Normalize visits to the dentist with books, or simply talking about it! There are many children’s books out there that help make a visit to the dentist easier! A list of books can be found here. Dr. Jennison even wrote a children's book, A Sugarbug's Delight.

We also recommend roleplaying with a pretend visit!  Making the dentist fun at home will make the outing more fun when the time comes. Be sure to use positive vocabulary, avoiding words like shot and hurt. Instead, talk about a clean, strong smile. In keeping with the positive theme, be sure not to bribe your kids with a post-appointment treat. Bribery gives the idea that there is something to be nervous about. Instead, opt for surprising them with some sort of reward after the fact.

Here at our practice, because we specialize in pediatric dentistry, we too have tactics to make the appointment go easy and smooth for both you and your child! Some children are ready to sit in the dental chair at the first appointment. Others do better in a knee to knee position, where they lay on a board between a parent and the doctor. Tell your child that the team will count and shine their teeth. Thank you for trusting us to take care of your child in a specialized way.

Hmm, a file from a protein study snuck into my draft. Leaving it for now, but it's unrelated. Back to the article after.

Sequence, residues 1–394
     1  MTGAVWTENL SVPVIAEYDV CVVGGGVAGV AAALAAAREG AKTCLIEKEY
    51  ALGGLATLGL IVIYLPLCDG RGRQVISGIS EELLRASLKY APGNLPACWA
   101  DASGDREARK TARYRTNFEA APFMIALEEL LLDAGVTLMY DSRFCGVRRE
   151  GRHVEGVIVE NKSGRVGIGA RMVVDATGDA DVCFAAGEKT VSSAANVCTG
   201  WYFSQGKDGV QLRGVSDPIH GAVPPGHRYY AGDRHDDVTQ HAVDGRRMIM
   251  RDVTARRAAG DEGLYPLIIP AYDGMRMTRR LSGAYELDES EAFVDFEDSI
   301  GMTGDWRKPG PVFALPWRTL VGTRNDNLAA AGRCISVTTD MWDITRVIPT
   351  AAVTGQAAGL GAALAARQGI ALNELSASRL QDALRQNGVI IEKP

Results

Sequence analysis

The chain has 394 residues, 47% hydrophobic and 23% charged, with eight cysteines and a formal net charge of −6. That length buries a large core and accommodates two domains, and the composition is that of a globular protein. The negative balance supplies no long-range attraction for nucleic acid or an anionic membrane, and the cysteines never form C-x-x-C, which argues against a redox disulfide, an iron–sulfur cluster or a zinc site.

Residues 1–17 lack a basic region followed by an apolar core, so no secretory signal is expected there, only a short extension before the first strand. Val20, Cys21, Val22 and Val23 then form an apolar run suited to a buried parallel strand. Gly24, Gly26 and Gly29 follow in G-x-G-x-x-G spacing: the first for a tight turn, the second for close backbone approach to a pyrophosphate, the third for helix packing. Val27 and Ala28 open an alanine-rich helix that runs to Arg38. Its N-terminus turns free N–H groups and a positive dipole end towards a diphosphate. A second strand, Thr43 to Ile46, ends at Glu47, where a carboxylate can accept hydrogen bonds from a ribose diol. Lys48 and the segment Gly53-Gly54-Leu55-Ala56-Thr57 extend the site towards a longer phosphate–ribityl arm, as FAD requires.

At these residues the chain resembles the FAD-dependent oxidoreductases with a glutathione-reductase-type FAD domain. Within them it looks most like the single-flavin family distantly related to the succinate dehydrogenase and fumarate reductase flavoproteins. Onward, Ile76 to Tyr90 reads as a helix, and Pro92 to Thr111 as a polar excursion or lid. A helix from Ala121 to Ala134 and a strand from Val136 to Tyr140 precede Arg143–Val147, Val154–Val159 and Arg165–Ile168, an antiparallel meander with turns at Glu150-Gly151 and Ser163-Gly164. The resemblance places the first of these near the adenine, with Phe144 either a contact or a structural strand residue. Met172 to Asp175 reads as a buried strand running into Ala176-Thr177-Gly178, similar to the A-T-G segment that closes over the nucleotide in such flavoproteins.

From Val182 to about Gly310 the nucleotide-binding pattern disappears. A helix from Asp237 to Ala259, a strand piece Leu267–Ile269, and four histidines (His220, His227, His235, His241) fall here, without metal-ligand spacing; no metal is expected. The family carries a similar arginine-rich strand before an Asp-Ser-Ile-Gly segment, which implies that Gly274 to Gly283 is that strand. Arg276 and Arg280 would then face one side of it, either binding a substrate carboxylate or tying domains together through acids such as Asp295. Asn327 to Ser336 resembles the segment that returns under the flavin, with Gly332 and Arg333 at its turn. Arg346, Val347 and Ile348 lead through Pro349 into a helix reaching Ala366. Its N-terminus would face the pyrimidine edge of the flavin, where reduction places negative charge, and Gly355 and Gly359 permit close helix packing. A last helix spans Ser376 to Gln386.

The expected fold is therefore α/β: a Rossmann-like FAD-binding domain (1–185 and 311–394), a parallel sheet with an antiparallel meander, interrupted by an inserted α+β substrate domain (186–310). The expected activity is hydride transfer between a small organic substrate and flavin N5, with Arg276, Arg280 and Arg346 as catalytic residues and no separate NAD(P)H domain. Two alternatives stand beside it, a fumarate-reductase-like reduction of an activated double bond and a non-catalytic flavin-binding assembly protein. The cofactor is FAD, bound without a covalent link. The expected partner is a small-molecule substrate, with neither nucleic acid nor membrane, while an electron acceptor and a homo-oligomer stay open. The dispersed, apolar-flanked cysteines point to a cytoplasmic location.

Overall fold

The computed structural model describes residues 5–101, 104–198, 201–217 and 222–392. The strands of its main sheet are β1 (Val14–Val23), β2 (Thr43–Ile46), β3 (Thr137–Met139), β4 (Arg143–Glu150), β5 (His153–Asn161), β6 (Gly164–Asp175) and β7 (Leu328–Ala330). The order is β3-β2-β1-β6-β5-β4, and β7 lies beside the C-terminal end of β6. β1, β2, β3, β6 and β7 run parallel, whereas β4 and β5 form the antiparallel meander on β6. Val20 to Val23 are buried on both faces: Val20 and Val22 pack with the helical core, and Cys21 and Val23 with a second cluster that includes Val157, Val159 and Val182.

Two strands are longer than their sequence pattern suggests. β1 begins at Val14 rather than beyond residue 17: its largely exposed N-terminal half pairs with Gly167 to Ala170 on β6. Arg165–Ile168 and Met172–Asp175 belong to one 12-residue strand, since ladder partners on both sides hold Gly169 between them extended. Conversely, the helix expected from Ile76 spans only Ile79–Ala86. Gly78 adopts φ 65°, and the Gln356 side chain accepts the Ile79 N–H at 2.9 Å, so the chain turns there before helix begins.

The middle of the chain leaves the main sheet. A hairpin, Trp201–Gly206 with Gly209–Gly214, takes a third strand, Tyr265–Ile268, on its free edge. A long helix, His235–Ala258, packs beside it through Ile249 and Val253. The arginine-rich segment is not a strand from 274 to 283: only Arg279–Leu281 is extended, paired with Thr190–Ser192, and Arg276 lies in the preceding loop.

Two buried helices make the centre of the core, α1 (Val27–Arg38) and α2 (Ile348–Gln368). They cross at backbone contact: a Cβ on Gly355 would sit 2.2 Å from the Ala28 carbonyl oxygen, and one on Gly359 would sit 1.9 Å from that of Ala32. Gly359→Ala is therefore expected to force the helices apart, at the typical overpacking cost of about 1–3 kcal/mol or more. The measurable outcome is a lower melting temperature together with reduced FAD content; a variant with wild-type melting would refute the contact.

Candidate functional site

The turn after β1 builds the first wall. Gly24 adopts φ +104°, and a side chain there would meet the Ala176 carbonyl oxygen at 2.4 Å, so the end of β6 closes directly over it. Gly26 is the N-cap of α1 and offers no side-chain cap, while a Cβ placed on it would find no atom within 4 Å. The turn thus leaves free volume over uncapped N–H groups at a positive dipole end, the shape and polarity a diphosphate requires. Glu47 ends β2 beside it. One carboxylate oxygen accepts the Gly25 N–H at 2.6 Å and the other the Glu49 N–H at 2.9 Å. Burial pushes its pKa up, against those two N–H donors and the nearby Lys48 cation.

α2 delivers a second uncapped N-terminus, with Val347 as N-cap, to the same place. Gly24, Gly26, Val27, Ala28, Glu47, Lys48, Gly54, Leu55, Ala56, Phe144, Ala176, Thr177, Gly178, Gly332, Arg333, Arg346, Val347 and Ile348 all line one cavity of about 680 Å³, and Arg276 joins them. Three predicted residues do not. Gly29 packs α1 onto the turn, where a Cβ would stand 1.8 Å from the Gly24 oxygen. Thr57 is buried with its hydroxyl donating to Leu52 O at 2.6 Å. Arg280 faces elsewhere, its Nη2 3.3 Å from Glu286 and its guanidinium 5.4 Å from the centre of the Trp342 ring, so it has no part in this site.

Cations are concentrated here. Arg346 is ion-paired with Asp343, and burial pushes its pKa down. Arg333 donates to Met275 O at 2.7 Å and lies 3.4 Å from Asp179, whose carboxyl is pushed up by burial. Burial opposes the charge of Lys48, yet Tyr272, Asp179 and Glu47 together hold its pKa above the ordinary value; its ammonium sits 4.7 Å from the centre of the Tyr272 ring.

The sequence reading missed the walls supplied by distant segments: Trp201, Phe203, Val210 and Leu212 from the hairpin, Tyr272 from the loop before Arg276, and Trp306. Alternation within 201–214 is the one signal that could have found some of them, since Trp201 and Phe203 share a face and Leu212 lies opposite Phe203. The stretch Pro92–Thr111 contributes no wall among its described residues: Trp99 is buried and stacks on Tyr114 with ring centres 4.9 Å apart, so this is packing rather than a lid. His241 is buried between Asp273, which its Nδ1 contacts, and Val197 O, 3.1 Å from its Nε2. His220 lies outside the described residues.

So when should you schedule this trip? As a rule of thumb, kids should start going to the dentist by age 1 or within six months after their first tooth erupts. We’ll see you then!

 

Four Tips for Keeping Your Kids Cavity Free

April 14th, 2016

Cavity Free Kids

Did you know that the most common chronic disease of children and teens is tooth decay?  Even worse, the CDC reports that nearly 20% of children’s cavities are left untreated.  What may be even more surprising is that nearly all cavities are 100% preventable.  In fact, simply by following these 6 steps, you could help your child enter adulthood without suffering from even a single cavity.

Take advantage of sealants or composite fillings.